South Street is a place where dreams come true, whether those dreams be related to eating breakfast for dinner, or building a stable life in America. One day, Sidell decided to hire a new prep cook. As it turns out, the Brazilian man he hired couldn’t speak English.
“Every employee becomes family,” said Sidell.
The crew at South Street helped the new prep cook get his green card, get a mortgage, and buy a house. But Sidell went further, he asked him to go upstairs and cook with the big guys so that he could give him a raise. When he refused because of his language barrier, Sidell helped him go to school and learn English. Now he’s been working at South Street for 15 years and Sidell cites him as one of his best cooks. More importantly, he’s able to support his family and his new granddaughter in Brazil whom he visits frequently.
“That’s the American dream,” said Sidell.
A different American dream, but an American dream nonetheless, is being able to have any food at any time. At South Street, you can have a burger at 7 a.m. and pancakes at 7 p.m. The menu is dripping in excellence. The chicken tenders—which are easily well done any way you throw ’em, just about anywhere—exceed expectations. The simple dish, often reserved for those under 12 years old, or those who have a palate under 12 years old, is a must-try. The tenders are marinated for 24 hours then deep fried to the crispiest of all crisps, while retaining the utmost juicy-moistness. If you’re getting the tenders, you’ve got to get the fries. The fries are fried to golden perfection, then topped with a three-cheese sauce and gravy—Sidell compares his fries to the popular Canadian dish “poutine.”
The eggs benedict are simply inspiring, and make waking up the best part of the day. The English muffin on which the eggs marry the hollandaise is crispy on the outside, while the inner workings of the bread has a certain skeletal, crisp infrastructure, but the overall “muffin” retains its bready-bounciness. The home fries that accompany the dish beg to be dipped in the sauce, and when their request was met—fireworks went off.
No, fireworks didn’t go off. That was the sound of the next dishes being put on the table. Banana bread—Sidell’s grandmother’s recipe—which is complimentary on the weekends, and Boston cream pie pancakes. Three pancakes do a balancing act on the plate, stacked on top of each other with homemade Belgian cream in between—these examples of pancake perfection are one of the reasons Food Network named South Street among their top-five picks for late-night eats in America. The fluffy discs of perfection were blanketed in a homemade chocolate sauce. One bite could’ve killed my diabetic grandmother.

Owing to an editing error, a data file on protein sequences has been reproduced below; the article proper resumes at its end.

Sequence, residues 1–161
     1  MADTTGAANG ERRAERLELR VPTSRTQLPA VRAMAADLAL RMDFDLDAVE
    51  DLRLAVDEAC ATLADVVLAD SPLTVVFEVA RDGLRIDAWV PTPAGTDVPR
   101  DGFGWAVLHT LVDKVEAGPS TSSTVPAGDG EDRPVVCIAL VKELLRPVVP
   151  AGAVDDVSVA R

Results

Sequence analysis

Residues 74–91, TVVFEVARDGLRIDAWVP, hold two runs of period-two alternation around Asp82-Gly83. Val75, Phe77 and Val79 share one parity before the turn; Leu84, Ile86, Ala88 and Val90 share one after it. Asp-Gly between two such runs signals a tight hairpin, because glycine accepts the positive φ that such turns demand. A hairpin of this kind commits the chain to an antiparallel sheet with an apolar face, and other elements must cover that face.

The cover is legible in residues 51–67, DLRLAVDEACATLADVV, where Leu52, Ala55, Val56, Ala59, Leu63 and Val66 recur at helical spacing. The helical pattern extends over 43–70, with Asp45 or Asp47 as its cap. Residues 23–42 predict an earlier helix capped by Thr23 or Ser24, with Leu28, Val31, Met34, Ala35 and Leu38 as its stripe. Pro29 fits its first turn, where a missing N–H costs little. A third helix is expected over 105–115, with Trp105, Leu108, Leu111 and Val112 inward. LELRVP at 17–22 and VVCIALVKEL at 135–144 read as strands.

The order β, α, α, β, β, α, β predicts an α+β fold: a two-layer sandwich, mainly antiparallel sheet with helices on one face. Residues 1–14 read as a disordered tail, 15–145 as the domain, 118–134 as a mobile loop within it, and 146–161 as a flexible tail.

While tasting the banana bread, and expressing my flabbergastation at the fact that the thin slices were moist and balanced with a bit of cinnamon-y crust I heard God—no! Sidell—say “dip the banana bread in the pancake’s chocolate sauce,” and that’s when things went from good to f—king fantastic.
“Know who you are, play to your strengths, and always make it better than it was yesterday,” Sidell said when asked about his personal restaurant philosophy.
Sidell and his people know what they are doing. They do typical diner food, and they do it good. They don’t try to stray, they don’t try to be something they’re not.
“Boston is a cultural bastion of all different kinds of ethnic food. You’re not going to come to a diner for chinese food. You’re not going to come for pizza. In your mind you’re looking for a milkshake, burger, and eggs,” said Sidell.
Nothing is better than the classics. Sidell proves this everyday within his modest lunch car, wedged in between Boston’s downtown skyscrapers. The linoleum floors shine, and countertop glistens—plates crash into one another, bacon sizzles on the grill, the vinyl of the booths squeak as children shift around in them: These are the sweet sights and sounds of breakfast of the people, by the people, and for the people.
Featured Image by Mark Niu / Heights Staff